This amendment will ensure that an exemption from Division 16G is not given to an acquisition from a non-resident of shares in a resident company. The amendment will apply to interest incurred after 3 November 1988 on an amount owing in connection with an acquisition of an asset after 3 November 1988. The provision will not apply to an acquisition under a contract entered into on or before that date.
The Bill will give effect to a proposal to extend those provisions of the Income Tax Assessment Act 1936 that authorise deductions for gifts of the value of $2 or more made to specified organisations to include the Australian National Gallery Foundation. Gifts made to the Australian National Gallery Foundation will qualify for deduction where they are made on or after 26 September 1988 - the date of incorporation of the Foundation.
The Bill will exempt from income tax certain payments made under the Defence Services Homes Scheme. The scheme provides low-interest mortgage loans to help veterans, some serving members of the defence forces and certain other people to acquire homes. Under arrangements that applied between 15 September 1987 and 9 December 1987 inclusive, some applicants for housing assistance received cash grants instead of loans and it is proposed that these be free of tax.
As a general rule, the taxation value of a loan fringe benefit or expense payment fringe benefit is reduced to the extent to which interest payable on the loan is, or would be, allowable as an income tax deduction of the employee. This rule is known as the 'otherwise deductible' rule.
The foreign tax credit system quarantines deductions against certain income from foreign sources (such as rent and interest), so that those deductions cannot be applied to reduce other income once the income from foreign sources has been fully offset. Amendments contained in the Taxation Laws Amendment Bill (No.3) 1988 to the fringe benefits tax law propose that the otherwise deductible rule will not apply to reduce the taxable value of an expense payment fringe benefit if that benefit relates to income from foreign sources that is governed by the quarantining rules of the foreign tax credit system.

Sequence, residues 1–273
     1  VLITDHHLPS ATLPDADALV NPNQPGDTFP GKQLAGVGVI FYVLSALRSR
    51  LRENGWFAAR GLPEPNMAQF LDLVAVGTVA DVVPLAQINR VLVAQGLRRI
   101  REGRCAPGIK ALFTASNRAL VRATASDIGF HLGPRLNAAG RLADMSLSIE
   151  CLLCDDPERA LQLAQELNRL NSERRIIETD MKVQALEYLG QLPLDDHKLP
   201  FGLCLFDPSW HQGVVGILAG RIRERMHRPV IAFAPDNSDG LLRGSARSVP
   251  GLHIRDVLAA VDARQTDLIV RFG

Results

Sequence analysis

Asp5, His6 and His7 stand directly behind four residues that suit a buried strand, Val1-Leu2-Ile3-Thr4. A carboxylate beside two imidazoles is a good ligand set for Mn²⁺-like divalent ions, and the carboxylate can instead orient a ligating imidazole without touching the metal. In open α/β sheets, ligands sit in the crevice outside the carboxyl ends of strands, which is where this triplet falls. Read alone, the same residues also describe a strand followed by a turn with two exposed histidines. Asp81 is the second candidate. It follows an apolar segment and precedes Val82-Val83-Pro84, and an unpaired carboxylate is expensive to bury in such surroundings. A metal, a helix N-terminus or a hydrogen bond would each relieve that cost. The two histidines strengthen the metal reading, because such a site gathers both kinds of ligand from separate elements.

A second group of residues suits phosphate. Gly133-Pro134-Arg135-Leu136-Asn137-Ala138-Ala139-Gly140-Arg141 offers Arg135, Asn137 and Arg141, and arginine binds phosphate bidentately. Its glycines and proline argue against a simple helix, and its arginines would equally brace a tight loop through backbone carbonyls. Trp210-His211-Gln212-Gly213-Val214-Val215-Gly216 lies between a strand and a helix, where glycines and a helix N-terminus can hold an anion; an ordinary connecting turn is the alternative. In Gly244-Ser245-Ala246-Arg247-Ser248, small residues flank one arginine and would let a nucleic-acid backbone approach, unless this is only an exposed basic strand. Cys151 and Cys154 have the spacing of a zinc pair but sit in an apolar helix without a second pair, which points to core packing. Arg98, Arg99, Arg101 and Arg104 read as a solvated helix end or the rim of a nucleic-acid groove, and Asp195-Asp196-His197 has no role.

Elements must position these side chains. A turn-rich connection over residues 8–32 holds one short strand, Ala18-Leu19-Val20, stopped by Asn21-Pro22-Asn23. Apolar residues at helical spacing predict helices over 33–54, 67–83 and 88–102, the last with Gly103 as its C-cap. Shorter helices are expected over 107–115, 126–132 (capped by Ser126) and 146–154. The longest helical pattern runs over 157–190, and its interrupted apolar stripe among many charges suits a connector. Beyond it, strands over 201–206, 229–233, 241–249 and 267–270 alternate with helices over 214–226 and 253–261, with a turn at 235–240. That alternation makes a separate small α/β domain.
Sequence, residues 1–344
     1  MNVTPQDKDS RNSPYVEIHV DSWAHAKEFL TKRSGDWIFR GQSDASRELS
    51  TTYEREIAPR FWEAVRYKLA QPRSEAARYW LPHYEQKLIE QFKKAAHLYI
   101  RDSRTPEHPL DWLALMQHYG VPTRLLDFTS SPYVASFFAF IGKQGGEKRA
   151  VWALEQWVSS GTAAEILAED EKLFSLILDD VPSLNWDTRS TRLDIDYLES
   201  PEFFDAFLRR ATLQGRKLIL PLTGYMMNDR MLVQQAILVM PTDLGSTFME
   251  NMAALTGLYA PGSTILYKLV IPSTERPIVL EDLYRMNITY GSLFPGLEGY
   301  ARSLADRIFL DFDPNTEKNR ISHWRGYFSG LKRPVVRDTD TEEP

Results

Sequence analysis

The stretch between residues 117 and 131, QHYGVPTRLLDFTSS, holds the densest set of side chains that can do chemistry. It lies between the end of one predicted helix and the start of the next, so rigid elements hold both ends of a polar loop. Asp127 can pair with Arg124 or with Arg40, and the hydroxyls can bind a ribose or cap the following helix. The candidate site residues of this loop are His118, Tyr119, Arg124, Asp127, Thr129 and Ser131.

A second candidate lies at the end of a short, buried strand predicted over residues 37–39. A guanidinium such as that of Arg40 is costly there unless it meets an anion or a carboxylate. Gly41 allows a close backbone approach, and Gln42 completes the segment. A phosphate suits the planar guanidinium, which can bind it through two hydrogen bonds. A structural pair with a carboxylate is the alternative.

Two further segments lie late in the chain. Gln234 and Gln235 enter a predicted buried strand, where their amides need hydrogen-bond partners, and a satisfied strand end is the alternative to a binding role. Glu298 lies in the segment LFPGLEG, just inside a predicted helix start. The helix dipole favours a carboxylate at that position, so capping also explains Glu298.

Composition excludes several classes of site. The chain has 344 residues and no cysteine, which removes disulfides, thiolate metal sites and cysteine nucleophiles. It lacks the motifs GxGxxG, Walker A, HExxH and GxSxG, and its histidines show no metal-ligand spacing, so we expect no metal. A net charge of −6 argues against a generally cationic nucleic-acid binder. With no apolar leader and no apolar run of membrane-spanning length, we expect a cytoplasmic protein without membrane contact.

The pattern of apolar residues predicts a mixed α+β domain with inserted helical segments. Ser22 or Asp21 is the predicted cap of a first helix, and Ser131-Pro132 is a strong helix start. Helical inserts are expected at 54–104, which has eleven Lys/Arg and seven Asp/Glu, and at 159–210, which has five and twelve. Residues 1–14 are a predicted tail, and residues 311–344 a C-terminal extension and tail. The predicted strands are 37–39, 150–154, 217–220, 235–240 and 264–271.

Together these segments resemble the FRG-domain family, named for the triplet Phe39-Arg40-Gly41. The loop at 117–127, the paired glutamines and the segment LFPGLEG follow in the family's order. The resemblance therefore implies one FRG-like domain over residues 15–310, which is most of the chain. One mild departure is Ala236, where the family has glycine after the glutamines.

This Bill will extend that constraint to situations where residual and property benefits are provided in relation to such income. For example, the constraint will apply, from the date of introduction of the Bill, where the employee charges the cost of services or goods - such as, labour and materials for repair to foreign rental property - direct to the employer's account.
Amendments contained in the Taxation Laws Amendment Bill (No. 3) 1988 to the FBT law propose the removal of the requirement for a crew member of an international flight to keep a travel diary and furnish it to his or her employer to support a reduction in the taxable value of an expense payment benefit. The amendments proposed by this Bill will extend this 'no diary' concession in relation to certain residual and property fringe benefits provided to crew members in connection with overseas travel. For example, it will apply to laundry services (residual fringe benefits) and meals (property fringe benefits) where the relevant expenditure is charged directly to the airline employer.
The Bill will amend the sales tax law to confirm that refunds of sales tax overpaid where the tax has been passed on to others are not available unless all persons to whom it was passed on have been recompensed.
Refund provisions in the Sales Tax Assessment Acts provide that, where a taxpayer has overpaid tax, the Commissioner may refund the overpaid tax as long as the taxpayer has not passed the tax on to another person or, if it has been passed on, it has been refunded by the taxpayer to that other person.
However, because tax is usually paid on the last wholesale sale, the benefit of the refund does not always accrue to the ultimate purchaser who bore the tax.